For over 20 years, People for Education has been a powerful, independent voice for publicly funded education.
From kitchen tables to policy tables...
People for Education began in 1996, as part of a social movement that emerged in response to a radical restructuring of public services by the Ontario government. This restructuring was dramatically affecting education, health and other social services. Ontario’s education system became one of the primary battlegrounds in a very polarized debate. There was labour and social protest across the province, with a number of teacher labour actions, including strikes.
From the beginning, our goal was to represent public education itself, as opposed to joining one of the “sides” in the education debate. While unequivocally a voice in defense of publicly funded education, we have always aimed to be a voice that is both reasoned and evidence-based. Through our annual school survey, we began to collect evidence about the impact of funding and policy changes on the public education system, while relying on media-savvy activism to get our voice heard.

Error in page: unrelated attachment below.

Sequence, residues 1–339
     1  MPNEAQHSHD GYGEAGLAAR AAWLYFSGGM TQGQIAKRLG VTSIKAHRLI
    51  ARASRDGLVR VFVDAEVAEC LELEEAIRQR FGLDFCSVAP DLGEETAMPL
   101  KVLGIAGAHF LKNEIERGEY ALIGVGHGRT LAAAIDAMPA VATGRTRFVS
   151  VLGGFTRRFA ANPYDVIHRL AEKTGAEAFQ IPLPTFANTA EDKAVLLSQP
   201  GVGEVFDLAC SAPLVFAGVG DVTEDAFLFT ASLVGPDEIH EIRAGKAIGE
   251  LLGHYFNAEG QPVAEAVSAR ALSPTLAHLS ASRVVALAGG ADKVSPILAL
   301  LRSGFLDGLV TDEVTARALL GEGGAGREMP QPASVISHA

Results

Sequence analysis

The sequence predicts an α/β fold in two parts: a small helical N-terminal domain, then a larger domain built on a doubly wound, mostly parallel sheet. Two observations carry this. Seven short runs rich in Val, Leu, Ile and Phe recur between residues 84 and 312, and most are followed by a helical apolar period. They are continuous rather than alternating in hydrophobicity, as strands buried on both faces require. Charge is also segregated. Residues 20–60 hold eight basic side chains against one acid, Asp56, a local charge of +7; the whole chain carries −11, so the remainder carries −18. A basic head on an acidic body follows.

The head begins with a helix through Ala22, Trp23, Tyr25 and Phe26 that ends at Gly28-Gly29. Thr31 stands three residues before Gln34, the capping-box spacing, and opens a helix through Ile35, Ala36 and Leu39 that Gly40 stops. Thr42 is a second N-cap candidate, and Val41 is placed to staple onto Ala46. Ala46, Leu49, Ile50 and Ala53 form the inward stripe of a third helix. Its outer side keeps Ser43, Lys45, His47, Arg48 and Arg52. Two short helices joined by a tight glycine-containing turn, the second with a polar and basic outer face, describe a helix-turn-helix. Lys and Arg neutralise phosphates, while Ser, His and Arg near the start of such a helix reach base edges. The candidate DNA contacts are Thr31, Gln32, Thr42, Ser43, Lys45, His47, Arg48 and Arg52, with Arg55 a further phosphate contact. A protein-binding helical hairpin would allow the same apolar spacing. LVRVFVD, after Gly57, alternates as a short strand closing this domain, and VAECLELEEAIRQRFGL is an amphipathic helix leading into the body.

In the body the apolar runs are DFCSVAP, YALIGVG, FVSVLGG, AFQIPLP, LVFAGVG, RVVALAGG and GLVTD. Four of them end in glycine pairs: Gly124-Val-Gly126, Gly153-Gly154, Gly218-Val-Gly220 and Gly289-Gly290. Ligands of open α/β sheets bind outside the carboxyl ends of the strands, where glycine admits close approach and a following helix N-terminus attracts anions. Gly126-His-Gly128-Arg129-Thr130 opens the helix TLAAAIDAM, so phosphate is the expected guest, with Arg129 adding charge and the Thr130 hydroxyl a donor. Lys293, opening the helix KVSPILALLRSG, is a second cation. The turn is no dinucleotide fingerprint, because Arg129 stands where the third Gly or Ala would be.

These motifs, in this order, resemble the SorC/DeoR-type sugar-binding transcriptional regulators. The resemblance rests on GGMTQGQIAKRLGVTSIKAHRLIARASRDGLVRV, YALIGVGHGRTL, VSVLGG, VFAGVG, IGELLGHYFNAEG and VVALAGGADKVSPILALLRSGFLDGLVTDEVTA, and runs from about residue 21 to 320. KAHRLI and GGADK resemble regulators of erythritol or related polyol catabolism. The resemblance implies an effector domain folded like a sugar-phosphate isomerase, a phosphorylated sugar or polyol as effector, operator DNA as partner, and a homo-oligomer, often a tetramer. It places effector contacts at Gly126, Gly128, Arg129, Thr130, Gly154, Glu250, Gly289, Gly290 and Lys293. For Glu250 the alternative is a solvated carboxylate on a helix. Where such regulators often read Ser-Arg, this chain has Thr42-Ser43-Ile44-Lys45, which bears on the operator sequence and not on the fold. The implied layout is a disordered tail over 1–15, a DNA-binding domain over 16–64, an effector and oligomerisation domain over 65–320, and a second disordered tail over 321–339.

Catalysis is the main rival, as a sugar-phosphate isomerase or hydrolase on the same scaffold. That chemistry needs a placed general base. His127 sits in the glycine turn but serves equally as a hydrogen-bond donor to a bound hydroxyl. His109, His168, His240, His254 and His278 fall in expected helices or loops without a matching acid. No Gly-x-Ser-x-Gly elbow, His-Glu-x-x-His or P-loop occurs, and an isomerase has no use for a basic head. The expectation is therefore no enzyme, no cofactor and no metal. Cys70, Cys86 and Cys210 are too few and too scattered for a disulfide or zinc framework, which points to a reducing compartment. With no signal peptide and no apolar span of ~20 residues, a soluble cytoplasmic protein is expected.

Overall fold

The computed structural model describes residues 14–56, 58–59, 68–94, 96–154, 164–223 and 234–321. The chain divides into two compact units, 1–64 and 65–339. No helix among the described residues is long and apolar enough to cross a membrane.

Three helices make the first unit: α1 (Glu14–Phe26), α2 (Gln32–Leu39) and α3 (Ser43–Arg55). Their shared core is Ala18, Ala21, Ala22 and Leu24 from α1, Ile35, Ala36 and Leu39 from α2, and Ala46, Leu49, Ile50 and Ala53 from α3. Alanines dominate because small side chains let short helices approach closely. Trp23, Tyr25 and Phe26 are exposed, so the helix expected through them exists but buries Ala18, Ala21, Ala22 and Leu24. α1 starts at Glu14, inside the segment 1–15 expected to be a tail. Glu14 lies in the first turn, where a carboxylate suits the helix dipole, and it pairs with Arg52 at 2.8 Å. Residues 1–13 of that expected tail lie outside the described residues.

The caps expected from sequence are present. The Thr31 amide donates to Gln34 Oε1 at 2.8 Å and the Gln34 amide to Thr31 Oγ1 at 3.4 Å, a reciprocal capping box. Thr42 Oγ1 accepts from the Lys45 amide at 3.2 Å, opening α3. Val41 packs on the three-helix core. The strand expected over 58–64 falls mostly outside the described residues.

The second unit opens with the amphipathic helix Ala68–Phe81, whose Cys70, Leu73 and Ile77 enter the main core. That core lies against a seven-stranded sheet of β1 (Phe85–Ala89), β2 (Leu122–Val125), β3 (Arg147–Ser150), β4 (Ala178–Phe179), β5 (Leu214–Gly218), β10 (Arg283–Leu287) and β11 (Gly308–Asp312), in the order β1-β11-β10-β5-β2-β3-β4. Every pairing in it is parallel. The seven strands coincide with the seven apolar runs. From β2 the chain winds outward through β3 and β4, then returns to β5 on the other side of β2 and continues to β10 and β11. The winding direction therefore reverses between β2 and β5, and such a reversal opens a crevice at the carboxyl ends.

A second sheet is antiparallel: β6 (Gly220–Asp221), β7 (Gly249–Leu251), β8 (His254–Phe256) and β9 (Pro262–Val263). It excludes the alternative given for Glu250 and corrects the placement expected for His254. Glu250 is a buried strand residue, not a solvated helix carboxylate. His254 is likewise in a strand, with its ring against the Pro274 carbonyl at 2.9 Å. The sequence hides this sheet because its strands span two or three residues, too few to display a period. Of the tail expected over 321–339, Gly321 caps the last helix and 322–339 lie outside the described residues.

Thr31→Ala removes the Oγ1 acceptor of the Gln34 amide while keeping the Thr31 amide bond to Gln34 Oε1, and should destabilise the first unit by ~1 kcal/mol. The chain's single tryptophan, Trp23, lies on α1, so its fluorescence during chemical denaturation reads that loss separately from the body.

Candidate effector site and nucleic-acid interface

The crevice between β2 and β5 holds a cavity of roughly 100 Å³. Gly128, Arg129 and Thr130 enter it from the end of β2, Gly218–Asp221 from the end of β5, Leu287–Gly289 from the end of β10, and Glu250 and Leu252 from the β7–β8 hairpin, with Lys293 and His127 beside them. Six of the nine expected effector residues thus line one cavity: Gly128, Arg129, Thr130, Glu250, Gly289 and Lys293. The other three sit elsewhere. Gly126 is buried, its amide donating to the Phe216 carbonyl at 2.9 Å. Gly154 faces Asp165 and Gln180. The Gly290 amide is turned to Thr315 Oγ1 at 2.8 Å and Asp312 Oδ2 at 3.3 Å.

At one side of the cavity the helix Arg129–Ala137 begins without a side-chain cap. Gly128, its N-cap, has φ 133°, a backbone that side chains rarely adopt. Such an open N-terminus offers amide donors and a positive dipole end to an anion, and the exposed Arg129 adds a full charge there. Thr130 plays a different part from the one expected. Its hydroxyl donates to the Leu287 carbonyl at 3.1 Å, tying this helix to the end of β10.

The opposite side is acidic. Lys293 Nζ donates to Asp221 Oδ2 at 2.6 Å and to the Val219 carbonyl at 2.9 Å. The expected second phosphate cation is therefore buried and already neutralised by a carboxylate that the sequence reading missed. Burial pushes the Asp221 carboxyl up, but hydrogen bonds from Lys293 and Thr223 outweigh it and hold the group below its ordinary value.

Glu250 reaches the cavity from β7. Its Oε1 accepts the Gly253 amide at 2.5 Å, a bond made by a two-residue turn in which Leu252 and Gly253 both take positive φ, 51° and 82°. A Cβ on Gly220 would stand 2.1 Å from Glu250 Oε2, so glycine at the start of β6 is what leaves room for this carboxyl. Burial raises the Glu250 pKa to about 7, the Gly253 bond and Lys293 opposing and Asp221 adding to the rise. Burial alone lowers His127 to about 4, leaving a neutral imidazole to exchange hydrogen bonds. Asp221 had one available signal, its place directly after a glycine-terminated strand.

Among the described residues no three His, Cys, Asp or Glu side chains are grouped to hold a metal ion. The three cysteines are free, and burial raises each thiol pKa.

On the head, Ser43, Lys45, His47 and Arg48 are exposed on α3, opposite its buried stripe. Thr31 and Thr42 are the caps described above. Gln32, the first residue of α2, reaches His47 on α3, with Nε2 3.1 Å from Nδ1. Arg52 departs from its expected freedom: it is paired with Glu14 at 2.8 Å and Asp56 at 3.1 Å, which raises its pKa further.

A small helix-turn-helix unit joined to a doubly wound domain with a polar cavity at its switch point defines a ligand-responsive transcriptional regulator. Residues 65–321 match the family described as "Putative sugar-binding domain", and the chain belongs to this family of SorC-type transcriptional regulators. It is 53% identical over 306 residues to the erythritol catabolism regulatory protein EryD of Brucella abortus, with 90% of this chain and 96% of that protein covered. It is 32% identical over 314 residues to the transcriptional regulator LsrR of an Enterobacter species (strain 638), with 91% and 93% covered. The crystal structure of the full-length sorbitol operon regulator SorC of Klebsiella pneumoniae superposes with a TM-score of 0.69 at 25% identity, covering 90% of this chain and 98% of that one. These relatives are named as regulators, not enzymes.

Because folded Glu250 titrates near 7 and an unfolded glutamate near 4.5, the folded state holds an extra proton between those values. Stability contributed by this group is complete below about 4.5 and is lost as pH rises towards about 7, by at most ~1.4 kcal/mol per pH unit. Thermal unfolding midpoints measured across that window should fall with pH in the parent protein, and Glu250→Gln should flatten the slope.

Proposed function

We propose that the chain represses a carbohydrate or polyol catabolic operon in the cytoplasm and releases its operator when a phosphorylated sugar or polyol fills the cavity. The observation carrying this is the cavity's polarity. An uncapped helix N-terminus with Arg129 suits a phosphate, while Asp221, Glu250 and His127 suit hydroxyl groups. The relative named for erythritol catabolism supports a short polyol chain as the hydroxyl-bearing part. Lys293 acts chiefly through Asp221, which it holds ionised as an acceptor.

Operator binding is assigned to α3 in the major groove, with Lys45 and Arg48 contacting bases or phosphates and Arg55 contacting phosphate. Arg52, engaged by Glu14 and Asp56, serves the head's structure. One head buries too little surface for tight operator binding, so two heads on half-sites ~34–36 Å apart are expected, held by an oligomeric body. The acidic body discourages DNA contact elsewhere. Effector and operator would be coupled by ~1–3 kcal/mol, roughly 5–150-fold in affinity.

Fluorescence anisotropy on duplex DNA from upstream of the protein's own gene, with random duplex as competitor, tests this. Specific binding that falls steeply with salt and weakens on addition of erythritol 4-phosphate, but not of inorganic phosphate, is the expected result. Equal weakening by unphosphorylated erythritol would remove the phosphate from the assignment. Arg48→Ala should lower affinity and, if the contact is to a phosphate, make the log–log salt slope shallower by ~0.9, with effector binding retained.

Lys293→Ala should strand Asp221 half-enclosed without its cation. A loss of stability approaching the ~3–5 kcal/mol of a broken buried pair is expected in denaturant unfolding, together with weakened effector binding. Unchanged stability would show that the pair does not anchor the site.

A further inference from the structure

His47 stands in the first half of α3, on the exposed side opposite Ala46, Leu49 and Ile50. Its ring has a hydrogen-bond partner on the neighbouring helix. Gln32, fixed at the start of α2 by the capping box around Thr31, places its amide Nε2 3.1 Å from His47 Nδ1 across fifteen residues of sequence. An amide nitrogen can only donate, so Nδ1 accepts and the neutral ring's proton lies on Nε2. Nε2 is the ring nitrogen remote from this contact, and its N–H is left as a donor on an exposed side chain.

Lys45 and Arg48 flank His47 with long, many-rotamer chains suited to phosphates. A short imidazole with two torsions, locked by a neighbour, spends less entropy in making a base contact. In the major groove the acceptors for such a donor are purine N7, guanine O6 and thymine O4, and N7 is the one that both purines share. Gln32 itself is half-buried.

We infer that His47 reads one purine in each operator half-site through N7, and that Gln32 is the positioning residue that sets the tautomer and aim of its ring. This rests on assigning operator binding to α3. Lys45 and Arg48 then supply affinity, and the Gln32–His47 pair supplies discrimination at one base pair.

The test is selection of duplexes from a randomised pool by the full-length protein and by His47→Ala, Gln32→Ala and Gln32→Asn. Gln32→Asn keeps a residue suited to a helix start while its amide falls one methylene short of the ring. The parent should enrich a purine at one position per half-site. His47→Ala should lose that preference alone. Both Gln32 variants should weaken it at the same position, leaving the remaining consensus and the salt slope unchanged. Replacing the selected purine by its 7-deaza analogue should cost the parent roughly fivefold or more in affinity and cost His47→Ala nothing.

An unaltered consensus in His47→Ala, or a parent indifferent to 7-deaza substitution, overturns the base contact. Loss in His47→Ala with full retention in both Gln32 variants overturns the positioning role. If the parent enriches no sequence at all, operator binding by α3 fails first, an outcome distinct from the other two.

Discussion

Today, People for Education works to engage key education stakeholders in an evidence-based dialogue about how to ensure that public education lives up to its promise – ensuring that all young people, no matter what their beginnings or post-secondary destinations, get the skills they need for future success. We produce our own research and share research and information from across the education sector to feed this dialogue.
In 2013, People for Education launched our largest project to date: a multi-year initiative called Measuring What Matters. The project is exploring what competencies and skills matter in the 21st century, and how measurement and assessment of these competencies could function as lever of positive change in the public education system. Measuring What Matters represents a new stage in our gradual transition from tracking “what is” in Ontario’s public education system to envisioning and developing research-based policy recommendations on “what could be/should be”.